Curiosity Rover Just Found Evidence For Habitable Environments On Mars
The NASA Mars Curiosity rover has gathered some new data, and it has given an indication of what has been described as being a potential history of hydrothermal activity on the Red Planets Gale Crater. This broadens the type of habitable conditions that were once present according to a report by scientists in a new study.
Concentration Of Zinc And Germanium Up To 100 Times Larger
The researchers found concentrations of germanium and zinc that were said to be between 10 to 100 times bigger in the sedimentary rocks found in the Gale Crater when compared to the usual crust on Mars. Germanium and Zinc are enriched together and are often found together in fluids that have a high temperature on Earth among hydro-thermal deposits that contain Sulfur. The elevated concentrations of both germanium and zinc that were found in the Gale Crater may be explained away by the hydrothermal activity occurring in the region said geologist Jeff Berger, from the University of Guelph in Canada. Berger is also the lead author of the study.
Hydro-thermal Activity Evidence Found In Various Locations On Mars
He said that Earth has thermal environments that are extreme and which is home to a wide array of microbial life that have adapted to the conditions and the organisms might have been among the first to have evolved on Earth. The Mars rover has found what might be evidence of hydrothermal activity on various locations on Mars along with in samples of Martian meteorites. The researchers conducted laboratory experiments and computer simulations and they have investigated hydro-thermal sites here on Earth to get an indication of what might have been past hydrothermal activity on Mars.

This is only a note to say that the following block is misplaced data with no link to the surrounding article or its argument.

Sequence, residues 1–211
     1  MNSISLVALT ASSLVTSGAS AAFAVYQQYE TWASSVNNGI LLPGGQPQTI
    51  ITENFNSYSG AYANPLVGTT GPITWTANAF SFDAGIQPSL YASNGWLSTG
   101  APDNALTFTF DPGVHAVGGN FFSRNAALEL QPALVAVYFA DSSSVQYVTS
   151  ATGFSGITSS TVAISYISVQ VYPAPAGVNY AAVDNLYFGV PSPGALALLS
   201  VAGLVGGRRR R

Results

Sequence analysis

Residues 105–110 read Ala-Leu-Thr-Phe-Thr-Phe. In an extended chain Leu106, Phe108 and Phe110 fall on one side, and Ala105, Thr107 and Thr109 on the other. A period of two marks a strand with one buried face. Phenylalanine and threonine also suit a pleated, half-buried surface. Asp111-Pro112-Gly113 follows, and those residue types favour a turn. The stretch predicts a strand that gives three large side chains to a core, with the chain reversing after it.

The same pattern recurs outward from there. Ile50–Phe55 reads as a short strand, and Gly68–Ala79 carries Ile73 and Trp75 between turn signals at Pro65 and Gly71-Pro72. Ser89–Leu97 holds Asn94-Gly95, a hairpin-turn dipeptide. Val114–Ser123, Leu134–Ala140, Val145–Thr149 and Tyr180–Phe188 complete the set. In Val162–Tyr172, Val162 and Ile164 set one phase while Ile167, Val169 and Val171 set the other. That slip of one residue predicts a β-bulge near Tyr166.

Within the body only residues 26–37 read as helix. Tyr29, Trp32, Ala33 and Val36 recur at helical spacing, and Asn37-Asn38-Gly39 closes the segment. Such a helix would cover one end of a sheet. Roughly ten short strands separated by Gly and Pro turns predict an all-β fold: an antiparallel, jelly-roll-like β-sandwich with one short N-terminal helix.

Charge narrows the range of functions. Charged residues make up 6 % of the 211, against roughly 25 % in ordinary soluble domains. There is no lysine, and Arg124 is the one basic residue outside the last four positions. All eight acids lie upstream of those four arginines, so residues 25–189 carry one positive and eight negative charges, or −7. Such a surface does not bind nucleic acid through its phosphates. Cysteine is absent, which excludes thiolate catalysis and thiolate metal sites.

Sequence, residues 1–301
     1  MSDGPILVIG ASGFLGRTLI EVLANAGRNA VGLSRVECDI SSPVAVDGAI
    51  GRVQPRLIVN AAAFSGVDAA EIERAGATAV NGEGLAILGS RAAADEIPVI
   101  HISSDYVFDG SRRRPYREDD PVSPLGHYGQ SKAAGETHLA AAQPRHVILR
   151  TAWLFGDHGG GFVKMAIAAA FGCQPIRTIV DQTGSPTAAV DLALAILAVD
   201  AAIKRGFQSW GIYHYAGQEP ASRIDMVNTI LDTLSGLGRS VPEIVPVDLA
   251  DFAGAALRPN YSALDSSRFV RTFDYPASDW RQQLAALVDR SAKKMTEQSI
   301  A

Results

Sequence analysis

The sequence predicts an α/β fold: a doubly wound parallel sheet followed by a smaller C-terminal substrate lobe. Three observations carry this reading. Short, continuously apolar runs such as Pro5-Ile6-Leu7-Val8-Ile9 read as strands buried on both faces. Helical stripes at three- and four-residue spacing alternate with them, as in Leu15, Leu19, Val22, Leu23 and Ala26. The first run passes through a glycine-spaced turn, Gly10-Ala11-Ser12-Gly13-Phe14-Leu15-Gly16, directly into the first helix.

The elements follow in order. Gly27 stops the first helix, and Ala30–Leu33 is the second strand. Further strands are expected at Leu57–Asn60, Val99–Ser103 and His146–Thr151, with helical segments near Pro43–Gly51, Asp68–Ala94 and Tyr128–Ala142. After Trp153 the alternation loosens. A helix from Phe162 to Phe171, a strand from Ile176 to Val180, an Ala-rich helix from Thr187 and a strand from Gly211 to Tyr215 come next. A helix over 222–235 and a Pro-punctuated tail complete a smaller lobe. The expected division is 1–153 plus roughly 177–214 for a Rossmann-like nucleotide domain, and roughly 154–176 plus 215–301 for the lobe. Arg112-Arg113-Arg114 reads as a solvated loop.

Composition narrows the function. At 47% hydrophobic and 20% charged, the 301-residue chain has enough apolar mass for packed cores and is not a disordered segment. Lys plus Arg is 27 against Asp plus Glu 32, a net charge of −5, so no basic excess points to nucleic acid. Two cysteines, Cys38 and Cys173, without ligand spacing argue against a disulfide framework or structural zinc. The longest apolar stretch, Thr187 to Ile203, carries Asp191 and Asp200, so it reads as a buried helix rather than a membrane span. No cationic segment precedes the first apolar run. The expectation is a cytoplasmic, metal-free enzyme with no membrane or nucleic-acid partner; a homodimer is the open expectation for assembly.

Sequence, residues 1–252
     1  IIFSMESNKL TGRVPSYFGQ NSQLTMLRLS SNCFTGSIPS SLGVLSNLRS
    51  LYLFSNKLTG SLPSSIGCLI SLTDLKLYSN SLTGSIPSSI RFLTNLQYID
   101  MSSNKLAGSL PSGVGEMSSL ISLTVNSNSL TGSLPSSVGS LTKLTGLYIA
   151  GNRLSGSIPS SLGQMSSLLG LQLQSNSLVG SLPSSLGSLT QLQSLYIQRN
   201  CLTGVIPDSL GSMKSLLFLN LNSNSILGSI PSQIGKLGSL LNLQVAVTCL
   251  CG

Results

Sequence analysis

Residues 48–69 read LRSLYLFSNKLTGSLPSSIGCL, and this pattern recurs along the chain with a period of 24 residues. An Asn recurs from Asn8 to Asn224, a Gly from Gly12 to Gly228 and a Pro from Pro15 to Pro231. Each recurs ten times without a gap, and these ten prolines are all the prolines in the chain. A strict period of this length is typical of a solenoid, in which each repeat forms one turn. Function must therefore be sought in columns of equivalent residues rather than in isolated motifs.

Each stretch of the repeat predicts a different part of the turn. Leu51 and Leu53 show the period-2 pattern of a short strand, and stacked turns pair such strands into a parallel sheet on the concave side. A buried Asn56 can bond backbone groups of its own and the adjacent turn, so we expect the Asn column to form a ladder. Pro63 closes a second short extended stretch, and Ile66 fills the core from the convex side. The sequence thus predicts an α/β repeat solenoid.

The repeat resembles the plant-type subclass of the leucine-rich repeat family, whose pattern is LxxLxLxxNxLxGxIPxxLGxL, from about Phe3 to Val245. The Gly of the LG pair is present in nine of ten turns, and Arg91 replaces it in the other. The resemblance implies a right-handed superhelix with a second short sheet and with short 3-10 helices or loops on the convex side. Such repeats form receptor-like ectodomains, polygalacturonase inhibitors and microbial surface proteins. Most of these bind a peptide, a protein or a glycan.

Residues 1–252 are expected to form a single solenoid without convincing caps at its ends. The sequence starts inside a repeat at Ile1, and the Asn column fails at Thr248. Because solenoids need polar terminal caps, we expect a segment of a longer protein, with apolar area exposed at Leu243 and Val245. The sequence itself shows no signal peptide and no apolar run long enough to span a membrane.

Now that they have potential evidence that hydrothermal conditions might have been present close to the Gale Crater, the mission of the Curiosity rover is going to take an additional step closer to try to determine if the environmental conditions might have been favorable for microbial life on planet Mars. Generally, hydrothermal deposits are thought to more likely preserve any evidence of microbial life said, Berger.
Gale Crater On Mars Was Formed 3.5 To 3.8 Billion Years Ago
The Gale Crater formed around 3.5 to 3.8 billion years ago when a meteor impacted with Mars. Over many hundreds of millions of years after the impact, the crater got filled with around 1 to 2 kilometers of sediment. Research carried out in the past has revealed that the filling of the Gale Crater with the sediment had been linked with streams and lakes that might have existed on and off for many thousands of millions of years. The Gale Crater rock record is going to be fundamental for working out if the conditions are favorable for microbial life said NASA.
The research is going to highlight what might have occurred before and then after the formation of the lake. In the study, the researchers have used the data taken from the Mars Science Laboratory APXS which is situated on the robotic arm of the Curiosity rover. They measured 16 big and small trace elements in the rocks taken from the Gale Crater, and they included zinc. The researchers found that zinc was at concentrations of up to 100 times higher than the average meteorite on Mars and in one vein up to 300 times higher. The study included APXS measurements of germanium during the first 1,360 sols said the author and one sol is a day on Mars, which is actually 24 hours and 39 minutes. The authors of the study suggested that the zinc and germanium presence being clustered so close together is high concentrations might point to hydrothermal activity.
If the target region on the Red Planet had enough water when the Gale Crater was originally formed, the energy of the meteor impact might have heated the crust of the surface of the crater and this might have seen the fluids circulating in the hydrothermal system. The sediments could also have been carried along by wind, water or gravity to the Gale Crater. The authors of the study said that the potential presence of there being hydro-thermal systems in the history of Mars just adds to a variety of conditions that may come under the umbrella of Mars being habitable.